Notice I didn't say "Aphid Control"? Aphids are a natural part of a natural garden. You have nice pretty plants then you will aphids.
A friend of mine called recently asking for advice for controlling the aphids in his yard and here is a more detailed version of what I told him.
The aphid is a sucking insect and sucks the plants juices, creating stunted or curled leaves and potentially killing the whole plant. They hang out mostly on the stems and tops and bottoms of leaves and reproduce rather quickly. Sometimes you will see ants running around with aphids too. One person asked me if the ants eat the aphids but they actually "farm" them, tending to them for a sweet substance that they excrete. Yum.
There are other beneficial insects used to help control or manage the aphid population such as ladybugs and lacewings. You need a pretty good population of aphids to keep the beneficial insects around and they are usually more effective in a greenhouse environment. Most nurseries though have bags of live ladybugs and kids love helping with them so give it a try, at least it'll be fun.
According to Rodale's Encyclopedia of Organic Gardening, some tips to help prevent aphids in the first place is to plant nasturtiums, to eliminate all weeds and to have humus rich soil . You will hear me say to everyone I meet that the soil is the foundation of the garden. Think you've added enough compost to your soil? Add more. Especially here in Central Oregon where our soil is practically sterile. And if you add top soil to your garden, that is just sterile soil from somewhere else in Central Oregon. If you prepare your planting area well you will avoid much of the problems people have in their gardens and lawns.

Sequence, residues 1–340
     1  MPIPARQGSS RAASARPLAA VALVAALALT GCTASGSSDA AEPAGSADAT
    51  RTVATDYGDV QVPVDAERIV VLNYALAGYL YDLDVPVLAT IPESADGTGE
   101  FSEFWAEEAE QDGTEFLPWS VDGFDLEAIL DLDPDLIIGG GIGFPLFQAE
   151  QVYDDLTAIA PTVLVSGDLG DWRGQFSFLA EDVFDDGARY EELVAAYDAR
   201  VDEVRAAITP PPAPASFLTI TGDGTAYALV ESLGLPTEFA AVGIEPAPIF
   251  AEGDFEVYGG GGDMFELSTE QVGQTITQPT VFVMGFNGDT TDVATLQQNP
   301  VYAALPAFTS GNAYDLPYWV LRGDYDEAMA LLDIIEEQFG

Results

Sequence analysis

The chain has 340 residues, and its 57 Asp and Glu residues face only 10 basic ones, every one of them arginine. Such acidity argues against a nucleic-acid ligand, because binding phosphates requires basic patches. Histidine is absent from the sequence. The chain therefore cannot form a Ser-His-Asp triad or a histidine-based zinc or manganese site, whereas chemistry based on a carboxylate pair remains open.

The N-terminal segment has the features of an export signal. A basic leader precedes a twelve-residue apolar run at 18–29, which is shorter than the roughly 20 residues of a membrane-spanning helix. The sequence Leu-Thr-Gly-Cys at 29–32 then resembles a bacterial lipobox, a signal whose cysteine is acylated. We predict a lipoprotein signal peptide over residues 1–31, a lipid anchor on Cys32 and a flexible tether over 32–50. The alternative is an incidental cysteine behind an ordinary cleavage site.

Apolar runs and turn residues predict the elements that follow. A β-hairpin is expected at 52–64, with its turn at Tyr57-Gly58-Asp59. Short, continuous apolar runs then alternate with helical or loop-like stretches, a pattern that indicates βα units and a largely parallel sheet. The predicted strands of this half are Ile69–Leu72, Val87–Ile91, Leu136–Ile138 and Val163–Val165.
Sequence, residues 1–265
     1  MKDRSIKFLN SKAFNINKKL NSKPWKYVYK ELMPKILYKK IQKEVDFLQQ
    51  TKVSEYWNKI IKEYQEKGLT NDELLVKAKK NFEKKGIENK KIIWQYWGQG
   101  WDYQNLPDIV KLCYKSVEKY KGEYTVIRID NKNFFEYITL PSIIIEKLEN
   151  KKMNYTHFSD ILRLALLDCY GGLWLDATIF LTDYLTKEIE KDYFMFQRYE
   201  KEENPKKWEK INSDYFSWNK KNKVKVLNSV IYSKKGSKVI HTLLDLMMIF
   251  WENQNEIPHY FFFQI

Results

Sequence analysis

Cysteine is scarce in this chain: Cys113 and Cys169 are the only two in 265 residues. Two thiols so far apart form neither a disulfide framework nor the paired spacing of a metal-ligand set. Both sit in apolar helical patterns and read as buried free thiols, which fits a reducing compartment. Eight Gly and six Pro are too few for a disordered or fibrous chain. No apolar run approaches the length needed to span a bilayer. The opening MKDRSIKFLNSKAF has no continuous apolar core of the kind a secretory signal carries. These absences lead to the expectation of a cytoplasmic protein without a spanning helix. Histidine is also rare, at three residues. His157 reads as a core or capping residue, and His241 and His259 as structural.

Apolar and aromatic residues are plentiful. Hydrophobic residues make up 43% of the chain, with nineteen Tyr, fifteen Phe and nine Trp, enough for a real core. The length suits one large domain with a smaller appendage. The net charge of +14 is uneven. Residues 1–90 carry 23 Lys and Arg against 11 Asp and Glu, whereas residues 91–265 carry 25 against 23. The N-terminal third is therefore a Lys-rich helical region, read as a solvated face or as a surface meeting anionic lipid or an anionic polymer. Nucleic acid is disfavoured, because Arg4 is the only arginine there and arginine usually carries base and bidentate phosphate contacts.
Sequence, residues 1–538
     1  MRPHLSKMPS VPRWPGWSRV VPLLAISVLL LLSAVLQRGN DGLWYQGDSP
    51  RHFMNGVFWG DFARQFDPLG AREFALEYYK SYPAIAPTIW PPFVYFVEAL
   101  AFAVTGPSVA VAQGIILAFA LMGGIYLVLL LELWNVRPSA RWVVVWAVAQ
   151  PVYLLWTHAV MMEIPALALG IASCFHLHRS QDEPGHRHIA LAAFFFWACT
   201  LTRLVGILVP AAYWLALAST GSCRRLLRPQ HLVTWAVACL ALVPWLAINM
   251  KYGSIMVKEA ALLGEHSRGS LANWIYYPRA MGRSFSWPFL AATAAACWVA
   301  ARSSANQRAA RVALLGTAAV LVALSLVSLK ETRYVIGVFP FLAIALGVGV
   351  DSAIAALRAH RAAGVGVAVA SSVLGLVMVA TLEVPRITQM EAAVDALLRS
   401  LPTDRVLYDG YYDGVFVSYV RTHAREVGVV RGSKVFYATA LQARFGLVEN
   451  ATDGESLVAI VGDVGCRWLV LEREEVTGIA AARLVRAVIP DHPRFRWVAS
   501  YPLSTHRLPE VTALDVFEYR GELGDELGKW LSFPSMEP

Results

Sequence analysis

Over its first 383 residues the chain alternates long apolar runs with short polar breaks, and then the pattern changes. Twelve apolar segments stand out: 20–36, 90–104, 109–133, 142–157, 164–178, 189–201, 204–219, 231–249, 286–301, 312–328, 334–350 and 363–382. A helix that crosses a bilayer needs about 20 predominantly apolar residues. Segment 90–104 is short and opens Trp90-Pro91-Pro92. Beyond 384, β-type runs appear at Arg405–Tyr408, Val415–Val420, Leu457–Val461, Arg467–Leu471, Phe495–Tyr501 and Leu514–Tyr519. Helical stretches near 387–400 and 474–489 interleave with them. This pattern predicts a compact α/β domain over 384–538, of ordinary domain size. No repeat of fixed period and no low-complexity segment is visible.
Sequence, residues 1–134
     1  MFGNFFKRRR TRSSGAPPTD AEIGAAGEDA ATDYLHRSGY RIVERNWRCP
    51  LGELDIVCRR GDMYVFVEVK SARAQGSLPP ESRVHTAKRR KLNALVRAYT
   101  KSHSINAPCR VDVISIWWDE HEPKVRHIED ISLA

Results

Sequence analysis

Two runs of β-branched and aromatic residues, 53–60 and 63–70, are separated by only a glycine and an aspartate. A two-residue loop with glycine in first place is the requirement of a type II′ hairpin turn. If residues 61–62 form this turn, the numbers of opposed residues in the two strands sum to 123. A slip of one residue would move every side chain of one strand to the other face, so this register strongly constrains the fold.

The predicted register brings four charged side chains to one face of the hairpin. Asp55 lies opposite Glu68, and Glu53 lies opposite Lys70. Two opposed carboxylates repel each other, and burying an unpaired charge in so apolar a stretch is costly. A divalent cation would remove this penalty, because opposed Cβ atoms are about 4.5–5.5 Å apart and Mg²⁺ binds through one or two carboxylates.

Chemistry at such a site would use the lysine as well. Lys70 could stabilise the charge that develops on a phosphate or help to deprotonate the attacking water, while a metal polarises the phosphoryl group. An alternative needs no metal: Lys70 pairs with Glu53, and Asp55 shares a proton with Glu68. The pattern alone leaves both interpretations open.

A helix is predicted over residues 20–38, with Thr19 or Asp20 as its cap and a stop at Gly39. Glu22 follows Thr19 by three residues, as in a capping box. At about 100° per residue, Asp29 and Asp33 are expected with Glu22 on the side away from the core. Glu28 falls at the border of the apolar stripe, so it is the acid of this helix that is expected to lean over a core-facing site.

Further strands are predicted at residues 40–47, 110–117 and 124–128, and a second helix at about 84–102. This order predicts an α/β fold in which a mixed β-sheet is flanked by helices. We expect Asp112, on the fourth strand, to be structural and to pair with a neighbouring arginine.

Aphids have never caused me much trouble but I also make sure to grow plants that are relatively hardy on their own and don't require much coddling to survive.
For aphids I've always sprayed them off with a gentle yet firm spray from the hose, making sure to get the underside of the leaf too. You probably will need to do this a few times to really eliminate them.
If that is not working then you can try the homemade version of insecticidal soap (you can also buy insecticidal soap too). The soap breaks down the bodies of the aphids, thus killing them.
About.com had a good article in their Organic Gardening section with a recipe for Tomato Leaf Spray. I've never used it but it sounds really interesting. Click here to see their article. The simplest version is to use about 4 ounces (3 tablespoons) of dish soap per gallon of water, spraying this solution on the tops and undersides of the leaves. You may need to spray a few times to get the entire population. As with most sprays, if it's a hot sunny day the water can cause some burn on the leaves so spray earlier or later. This kind of solution, as far as I have read, does not harm beneficial insects.
If you have other questions about gardening or landscaping just leave a comment or send me an email and I'll be happy to help you out. Happy gardening!
Sources: Sciencejrant, Life123, "The Encyclopdedia of Organic Gardening" by Rodale and Staff